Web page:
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Am Fam Physician. 2018;97(11):706

I had a stroke in December of 2016, which left me with right-sided weakness. I didn't know what my recovery would look like. I quickly found myself depressed, something that I had worked to control my entire life. I had previously been diagnosed with conversion disorder and depression. Now, years later, I had lost the ability to do things I wanted to do because of the stroke. I began mourning the fact that I didn't have the life I used to have. As a mother and CPA, people used to count on me, but now it was like I was invisible. Being sidelined was difficult.

A few months after my stroke, I started researching stroke recovery and mental health in an effort to educate myself on my condition. I heard about many other patients struggling with psychiatric illness after a stroke. I reached out to my family doctor to find a psychiatrist who would help me adjust to my life as a stroke patient. I learned that I need to be an advocate for myself. I grew from the experience, and I'm at peace. For me, recognizing that recurrent depression is common following a stroke was the motivation I needed to take control of my recovery.—D.K.


Depression affects about one-third of stroke survivors, according to the American Stroke Association. Emergence of depression following cerebrovascular disease is thought to be caused by an interplay of the psychological reaction to new functional deficits and acute brain changes, including inflammatory response to neurogenesis following ischemia. Depression negatively impacts recovery and can affect quality of life. Despite this well-known and prevalent comorbidity of stroke, the diagnosis may be overlooked because somatic symptoms and cognitive deficits may mask depression. Medication management and psychosocial therapy for poststroke depression may improve outcomes and may even prevent depressive symptoms.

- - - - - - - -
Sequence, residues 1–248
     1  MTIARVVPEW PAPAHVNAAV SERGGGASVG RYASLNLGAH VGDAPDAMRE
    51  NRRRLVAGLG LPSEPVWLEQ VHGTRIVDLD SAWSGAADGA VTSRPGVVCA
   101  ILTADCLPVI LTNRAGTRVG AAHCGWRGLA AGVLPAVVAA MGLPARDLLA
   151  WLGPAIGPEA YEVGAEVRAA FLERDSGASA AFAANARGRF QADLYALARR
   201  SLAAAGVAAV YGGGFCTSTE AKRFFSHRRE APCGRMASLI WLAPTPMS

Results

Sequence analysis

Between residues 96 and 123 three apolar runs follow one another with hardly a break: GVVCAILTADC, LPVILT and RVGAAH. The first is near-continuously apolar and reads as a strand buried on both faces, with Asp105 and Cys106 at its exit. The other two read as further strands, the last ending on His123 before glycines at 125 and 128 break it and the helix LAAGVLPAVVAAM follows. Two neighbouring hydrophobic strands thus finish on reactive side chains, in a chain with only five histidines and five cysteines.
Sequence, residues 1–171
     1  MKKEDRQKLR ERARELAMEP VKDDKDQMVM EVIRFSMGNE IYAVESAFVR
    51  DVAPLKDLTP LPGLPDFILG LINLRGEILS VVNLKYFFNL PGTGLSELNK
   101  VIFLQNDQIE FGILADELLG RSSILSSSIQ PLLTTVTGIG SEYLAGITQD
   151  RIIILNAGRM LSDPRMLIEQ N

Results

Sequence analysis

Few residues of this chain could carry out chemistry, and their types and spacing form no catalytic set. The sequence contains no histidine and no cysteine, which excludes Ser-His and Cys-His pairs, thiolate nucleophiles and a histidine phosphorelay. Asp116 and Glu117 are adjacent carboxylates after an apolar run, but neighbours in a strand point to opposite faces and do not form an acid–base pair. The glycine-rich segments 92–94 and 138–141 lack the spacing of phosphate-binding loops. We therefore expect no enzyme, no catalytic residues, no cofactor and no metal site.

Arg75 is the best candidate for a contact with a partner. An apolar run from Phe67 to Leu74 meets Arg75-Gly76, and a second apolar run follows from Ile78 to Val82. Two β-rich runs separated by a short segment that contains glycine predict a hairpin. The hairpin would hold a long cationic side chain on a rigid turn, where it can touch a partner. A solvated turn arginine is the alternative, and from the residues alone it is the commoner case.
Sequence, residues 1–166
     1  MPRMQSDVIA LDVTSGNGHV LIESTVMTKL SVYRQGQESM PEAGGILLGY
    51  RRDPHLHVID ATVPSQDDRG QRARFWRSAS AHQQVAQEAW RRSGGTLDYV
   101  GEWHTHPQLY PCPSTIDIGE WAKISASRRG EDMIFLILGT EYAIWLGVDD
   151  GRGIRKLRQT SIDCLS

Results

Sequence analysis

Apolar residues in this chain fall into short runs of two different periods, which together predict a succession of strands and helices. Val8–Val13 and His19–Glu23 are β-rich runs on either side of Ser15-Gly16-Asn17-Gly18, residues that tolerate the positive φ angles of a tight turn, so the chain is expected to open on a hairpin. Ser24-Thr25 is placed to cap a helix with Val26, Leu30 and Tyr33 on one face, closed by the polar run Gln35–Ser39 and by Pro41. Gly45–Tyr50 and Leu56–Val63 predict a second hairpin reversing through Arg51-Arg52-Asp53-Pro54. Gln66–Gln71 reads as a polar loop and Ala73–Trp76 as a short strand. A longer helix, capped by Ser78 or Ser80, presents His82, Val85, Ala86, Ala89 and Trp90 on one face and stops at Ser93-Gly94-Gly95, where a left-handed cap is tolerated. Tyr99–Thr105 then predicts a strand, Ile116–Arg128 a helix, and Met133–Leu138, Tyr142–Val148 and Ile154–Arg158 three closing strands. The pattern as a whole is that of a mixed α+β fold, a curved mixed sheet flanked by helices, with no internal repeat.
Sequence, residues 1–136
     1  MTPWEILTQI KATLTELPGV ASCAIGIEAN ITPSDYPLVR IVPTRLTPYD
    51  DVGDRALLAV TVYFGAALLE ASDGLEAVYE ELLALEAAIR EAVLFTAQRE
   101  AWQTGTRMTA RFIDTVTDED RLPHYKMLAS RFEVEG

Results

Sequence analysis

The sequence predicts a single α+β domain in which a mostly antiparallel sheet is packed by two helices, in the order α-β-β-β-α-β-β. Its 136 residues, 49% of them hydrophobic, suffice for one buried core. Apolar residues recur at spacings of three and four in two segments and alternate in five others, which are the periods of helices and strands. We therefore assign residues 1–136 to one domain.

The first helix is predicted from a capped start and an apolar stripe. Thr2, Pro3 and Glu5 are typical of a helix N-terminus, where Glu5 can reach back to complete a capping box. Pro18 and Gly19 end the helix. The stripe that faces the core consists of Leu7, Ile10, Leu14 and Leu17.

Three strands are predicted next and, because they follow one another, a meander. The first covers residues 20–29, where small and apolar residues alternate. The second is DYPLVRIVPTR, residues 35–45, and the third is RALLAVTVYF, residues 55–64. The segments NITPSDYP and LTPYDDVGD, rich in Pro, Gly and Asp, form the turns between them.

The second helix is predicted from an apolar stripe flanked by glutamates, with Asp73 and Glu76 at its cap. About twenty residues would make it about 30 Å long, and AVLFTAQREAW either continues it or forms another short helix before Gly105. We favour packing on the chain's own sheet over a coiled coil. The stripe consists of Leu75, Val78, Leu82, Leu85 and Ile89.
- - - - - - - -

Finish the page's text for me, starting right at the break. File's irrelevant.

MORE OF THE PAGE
Our patient advocated for her own mental health treatment when she recognized she was experiencing depression following her stroke. Her ability to advocate for herself has given her a new, uplifting perspective on her recovery.

Kathryn Morcom, MD, and Madeline Lyons, MD

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